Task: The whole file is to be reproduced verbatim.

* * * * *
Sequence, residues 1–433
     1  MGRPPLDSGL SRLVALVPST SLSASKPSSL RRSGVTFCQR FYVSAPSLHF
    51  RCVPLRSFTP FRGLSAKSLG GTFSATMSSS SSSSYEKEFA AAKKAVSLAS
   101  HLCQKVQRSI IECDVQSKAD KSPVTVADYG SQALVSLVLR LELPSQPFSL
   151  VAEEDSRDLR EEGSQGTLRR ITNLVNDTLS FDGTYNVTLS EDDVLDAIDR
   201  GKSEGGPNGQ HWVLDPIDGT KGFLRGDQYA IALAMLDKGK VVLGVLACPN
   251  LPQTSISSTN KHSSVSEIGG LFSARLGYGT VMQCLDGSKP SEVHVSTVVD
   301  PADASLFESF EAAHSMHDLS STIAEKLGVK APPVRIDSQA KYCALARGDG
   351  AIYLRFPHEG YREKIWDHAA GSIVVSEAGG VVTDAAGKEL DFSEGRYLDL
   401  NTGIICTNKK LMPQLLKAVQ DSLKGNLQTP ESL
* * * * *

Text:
Sequence, residues 1–433
     1  MGRPPLDSGL SRLVALVPST SLSASKPSSL RRSGVTFCQR FYVSAPSLHF
    51  RCVPLRSFTP FRGLSAKSLG GTFSATMSSS SSSSYEKEFA AAKKAVSLAS
   101  HLCQKVQRSI IECDVQSKAD KSPVTVADYG SQALVSLVLR LELPSQPFSL
   151  VAEEDSRDLR EEGSQGTLRR ITNLVNDTLS FDGTYNVTLS EDDVLDAIDR
   201  GKSEGGPNGQ HWVLDPIDGT KGFLRGDQYA IALAMLDKGK VVLGVLACPN
   251  LPQTSISSTN KHSSVSEIGG LFSARLGYGT VMQCLDGSKP SEVHVSTVVD
   301  PADASLFESF EAAHSMHDLS STIAEKLGVK APPVRIDSQA KYCALARGDG
   351  AIYLRFPHEG YREKIWDHAA GSIVVSEAGG VVTDAAGKEL DFSEGRYLDL
   401  NTGIICTNKK LMPQLLKAVQ DSLKGNLQTP ESL